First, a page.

In an open letter on his blog, Tim Furman writes to American teachers working for Gülenist Concept Schools in Illinois, most of whom genuinely do not know about the true extent of the schools’ operations. The full letter is below:
If you are a teacher at a Concept School here in Illinois (CMSA, Horizon Science-Belmont, Horizon Science-McKinley Park, Horizon Science-Southwest), the the following statements are incontrovertibly true for a person in your situation:
The people running your school, and the CMO managing your school, are deeply connected to the upper echelons of the Gulen Movement. Your school exists as a revenue stream for the Gulen Movement, which appears to be permanently resettling here in the States during this post-failed coup period in Turkey. The Gulenists have been here in small numbers since before Fethullah Gulen himself arrived, and their numbers have grown rapidly since then.
Your school is an economic engine for them; the school receives a great deal of tax money, and all of this money is available for the Movement. Unlike a normal public school, it is basically impossible to determine who receives the money a charter school spends, particularly the portion that goes directly to the CMO. The schools generate business for Gulen-linked contractors, and the whole thing snowballs into a walled-off economy that brings in more and more of the Gulenists from Turkey. This, of course, is all in addition to the real estate deals and financing deals that make charter investors wealthy.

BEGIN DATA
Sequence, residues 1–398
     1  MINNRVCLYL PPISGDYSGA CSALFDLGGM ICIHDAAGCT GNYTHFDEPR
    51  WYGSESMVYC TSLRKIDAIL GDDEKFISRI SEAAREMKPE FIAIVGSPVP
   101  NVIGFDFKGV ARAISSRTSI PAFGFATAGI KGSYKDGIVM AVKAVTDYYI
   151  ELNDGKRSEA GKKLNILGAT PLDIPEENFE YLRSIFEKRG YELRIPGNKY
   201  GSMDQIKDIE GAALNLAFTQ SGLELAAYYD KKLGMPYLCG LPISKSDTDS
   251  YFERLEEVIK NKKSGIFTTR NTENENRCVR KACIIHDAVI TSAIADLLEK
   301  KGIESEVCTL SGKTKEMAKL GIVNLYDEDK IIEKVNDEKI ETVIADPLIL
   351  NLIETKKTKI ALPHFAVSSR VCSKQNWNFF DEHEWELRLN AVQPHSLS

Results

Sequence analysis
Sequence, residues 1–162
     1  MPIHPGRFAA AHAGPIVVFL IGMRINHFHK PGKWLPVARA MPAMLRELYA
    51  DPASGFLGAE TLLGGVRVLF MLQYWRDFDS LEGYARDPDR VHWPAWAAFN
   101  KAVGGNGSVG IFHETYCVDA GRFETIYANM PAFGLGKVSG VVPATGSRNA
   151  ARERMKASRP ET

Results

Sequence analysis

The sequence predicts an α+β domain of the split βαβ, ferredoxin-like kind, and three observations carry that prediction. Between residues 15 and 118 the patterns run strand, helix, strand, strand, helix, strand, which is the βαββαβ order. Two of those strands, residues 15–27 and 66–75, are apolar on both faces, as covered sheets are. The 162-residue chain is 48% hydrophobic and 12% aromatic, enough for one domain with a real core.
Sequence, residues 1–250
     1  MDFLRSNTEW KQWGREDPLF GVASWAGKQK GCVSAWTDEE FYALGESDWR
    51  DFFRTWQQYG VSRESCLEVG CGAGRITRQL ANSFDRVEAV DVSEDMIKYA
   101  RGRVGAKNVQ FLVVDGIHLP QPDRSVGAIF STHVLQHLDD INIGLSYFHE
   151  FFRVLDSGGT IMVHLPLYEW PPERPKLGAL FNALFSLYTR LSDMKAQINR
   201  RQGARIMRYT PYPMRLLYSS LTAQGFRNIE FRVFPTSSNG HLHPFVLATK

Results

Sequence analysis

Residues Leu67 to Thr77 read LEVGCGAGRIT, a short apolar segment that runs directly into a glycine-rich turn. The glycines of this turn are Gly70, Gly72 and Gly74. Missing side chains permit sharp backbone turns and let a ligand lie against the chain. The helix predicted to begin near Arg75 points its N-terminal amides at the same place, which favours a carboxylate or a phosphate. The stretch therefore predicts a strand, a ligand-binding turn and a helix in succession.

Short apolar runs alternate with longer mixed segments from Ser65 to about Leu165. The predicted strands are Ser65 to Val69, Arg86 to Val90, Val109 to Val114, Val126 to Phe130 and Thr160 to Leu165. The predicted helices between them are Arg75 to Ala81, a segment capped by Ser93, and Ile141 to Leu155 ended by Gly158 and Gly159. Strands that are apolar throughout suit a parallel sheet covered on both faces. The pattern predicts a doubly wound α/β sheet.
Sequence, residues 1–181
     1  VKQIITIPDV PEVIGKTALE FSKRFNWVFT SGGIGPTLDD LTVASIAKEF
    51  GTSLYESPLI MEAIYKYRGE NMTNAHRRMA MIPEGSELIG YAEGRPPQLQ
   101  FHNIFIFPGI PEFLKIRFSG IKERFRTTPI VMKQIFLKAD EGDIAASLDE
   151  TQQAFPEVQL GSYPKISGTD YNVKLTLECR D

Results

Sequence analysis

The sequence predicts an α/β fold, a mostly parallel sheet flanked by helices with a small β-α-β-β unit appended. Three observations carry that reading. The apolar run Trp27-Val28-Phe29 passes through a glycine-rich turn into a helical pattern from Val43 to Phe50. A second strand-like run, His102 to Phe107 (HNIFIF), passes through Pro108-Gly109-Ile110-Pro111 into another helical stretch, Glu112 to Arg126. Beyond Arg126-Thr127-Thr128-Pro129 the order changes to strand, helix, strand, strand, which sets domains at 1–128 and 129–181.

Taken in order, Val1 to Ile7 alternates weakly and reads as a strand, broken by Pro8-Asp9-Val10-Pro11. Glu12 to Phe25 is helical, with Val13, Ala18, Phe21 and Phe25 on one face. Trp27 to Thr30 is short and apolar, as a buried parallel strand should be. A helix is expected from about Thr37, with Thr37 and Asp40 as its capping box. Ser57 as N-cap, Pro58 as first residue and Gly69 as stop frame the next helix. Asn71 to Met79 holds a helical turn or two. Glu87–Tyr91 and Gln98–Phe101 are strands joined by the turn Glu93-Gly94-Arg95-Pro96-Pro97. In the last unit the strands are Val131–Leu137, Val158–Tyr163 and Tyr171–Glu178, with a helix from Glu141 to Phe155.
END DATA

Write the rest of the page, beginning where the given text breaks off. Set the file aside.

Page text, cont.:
It’s all for the Movement, minus whatever paltry salary they are paying you to be the American face of it all.
The Turkish men managing your school all know this to be true, and the Turkish men working in your schools on H-1B visas know it to be true. The American teachers are not part of the equation, other than as cover.
It is almost certain that the Turkish men working in your schools are kicking back part of their salary as a tithe to the Gulen Movement; the extent to which they are true believers, or simply people taking advantage of a job opportunity in the States, probably varies. But they all understand very clearly what is going on.
The people running your school will probably tell you that the Gulen Movement is a selfless, peaceful social movement and that they have no connection to it, although some of them may possibly at one time or another, have been vaguely inspired by Gulen. None of these assertions are true. The Gulen Movement is a complex, often malevolent political-religious force, deeply involved in human rights abuses and political repression in Turkey. They have an aggressive and massively successful public relations campaign here in the States, and they have fooled or confused a great many lawmakers and policymakers. The people running your school are the true believers.
The things going in Turkey today are the mirror image of what has gone on in Turkey in the past— when the Gulenists were the ones locking everyone up. If the people being arrested for treason in Turkey today receive a fair trial, that will be more than the victims of the Gulenists received when the shoe was on the other foot.